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Surv Ophthalmol. 2004 Mar-Apr;49(2):243-55.

Measles blindness.

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Department of Ophthalmology, Johns Hopkins University School of Medicine, Baltimore, Maryland, USA.


Measles remains a major problem in developing countries, where it affects an estimated 30 million children a year and causes up to one million deaths annually. Measles blindness is the single leading cause of blindness among children in low income countries, accounting for an estimated 15,000 to 60,000 cases of blindness per year. There is a close synergism between measles and vitamin A deficiency that can result in xerophthalmia, with corneal ulceration, keratomalacia, and subsequent corneal scarring or phthisis bulbi. High-dose oral vitamin A supplementation is recommended for all children with measles in developing countries. Higher measles immunization coverage to interrupt measles transmission and interventions aimed at improving vitamin A nutriture of children are the main strategies to prevent measles blindness.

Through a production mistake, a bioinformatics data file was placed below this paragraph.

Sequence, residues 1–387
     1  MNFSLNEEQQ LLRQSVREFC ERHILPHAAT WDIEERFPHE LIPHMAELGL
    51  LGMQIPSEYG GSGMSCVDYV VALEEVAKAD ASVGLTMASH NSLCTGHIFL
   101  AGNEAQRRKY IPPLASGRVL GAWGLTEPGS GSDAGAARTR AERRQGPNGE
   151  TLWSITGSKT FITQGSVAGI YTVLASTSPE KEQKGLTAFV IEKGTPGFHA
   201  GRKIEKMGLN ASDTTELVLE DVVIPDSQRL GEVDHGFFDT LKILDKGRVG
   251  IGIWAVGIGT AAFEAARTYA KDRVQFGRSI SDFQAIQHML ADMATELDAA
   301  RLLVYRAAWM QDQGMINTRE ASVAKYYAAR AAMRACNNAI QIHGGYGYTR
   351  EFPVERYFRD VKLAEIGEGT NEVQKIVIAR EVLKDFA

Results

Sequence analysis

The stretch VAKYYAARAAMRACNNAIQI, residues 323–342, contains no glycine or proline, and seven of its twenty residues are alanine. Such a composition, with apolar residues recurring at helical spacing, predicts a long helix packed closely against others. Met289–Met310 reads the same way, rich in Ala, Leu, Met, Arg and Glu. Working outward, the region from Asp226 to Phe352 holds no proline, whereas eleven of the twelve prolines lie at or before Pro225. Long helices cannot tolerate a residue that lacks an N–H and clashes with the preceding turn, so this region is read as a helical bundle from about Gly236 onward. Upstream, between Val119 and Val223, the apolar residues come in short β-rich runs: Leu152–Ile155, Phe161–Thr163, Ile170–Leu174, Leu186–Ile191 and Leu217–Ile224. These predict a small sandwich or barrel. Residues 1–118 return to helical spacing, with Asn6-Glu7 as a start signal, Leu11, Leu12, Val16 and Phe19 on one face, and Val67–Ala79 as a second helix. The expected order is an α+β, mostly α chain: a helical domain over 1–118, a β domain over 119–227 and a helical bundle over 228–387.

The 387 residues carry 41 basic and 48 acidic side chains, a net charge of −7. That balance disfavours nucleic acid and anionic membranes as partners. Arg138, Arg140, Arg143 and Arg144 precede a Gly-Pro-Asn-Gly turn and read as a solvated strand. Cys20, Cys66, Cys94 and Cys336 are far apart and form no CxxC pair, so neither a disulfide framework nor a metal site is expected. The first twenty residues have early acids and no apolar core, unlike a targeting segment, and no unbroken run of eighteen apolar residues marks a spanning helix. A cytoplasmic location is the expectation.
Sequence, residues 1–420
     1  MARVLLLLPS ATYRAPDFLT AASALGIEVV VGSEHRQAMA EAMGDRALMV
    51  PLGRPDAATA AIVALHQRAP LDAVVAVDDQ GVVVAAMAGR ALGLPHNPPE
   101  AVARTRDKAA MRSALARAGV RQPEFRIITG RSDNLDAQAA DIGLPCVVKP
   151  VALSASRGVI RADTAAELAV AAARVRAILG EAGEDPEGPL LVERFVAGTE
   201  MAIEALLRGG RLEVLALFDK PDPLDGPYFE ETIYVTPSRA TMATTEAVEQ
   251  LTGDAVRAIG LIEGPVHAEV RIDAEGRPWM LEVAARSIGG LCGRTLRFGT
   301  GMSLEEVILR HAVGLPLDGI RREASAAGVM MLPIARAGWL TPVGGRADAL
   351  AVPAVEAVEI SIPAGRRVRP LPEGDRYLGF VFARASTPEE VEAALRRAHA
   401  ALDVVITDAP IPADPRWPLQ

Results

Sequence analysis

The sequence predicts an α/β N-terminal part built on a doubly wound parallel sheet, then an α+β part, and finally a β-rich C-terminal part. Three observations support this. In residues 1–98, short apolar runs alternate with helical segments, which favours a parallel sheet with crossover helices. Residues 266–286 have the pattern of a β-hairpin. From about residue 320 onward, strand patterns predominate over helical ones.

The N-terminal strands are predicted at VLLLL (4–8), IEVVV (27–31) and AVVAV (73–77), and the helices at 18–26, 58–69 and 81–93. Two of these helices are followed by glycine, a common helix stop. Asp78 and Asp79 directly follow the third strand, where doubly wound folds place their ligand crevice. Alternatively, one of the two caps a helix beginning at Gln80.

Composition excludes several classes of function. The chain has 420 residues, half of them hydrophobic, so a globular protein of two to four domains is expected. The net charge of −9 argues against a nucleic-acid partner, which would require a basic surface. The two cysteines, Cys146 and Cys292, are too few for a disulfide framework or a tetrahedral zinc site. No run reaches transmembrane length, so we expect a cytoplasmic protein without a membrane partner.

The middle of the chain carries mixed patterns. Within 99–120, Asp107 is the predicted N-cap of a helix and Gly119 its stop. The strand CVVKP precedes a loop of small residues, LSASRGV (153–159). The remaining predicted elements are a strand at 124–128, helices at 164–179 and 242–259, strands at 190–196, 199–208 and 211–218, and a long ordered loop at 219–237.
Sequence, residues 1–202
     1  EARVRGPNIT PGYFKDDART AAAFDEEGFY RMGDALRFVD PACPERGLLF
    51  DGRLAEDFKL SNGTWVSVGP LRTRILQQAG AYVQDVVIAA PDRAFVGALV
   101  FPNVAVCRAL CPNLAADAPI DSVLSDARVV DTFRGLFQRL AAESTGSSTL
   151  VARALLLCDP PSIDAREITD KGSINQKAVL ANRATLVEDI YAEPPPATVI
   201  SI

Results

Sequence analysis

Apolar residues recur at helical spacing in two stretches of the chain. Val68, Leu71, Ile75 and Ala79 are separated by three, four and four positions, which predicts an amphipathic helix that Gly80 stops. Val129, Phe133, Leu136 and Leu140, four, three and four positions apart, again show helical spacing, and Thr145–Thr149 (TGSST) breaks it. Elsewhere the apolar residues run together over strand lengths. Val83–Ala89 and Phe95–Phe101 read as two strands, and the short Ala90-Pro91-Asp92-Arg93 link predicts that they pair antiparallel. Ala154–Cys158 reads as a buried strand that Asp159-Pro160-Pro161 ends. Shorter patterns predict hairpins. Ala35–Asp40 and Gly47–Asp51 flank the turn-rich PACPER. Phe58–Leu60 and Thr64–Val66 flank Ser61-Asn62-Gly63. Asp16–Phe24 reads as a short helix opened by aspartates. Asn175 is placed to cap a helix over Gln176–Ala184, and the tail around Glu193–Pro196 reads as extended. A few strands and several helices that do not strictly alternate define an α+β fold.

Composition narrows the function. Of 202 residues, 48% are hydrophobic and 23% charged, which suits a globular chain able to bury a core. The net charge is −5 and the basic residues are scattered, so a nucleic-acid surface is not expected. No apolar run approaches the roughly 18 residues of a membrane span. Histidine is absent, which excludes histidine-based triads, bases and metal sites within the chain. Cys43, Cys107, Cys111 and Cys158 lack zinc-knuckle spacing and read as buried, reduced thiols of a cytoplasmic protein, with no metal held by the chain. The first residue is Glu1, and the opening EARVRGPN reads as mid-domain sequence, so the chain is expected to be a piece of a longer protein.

[Indexed for MEDLINE]

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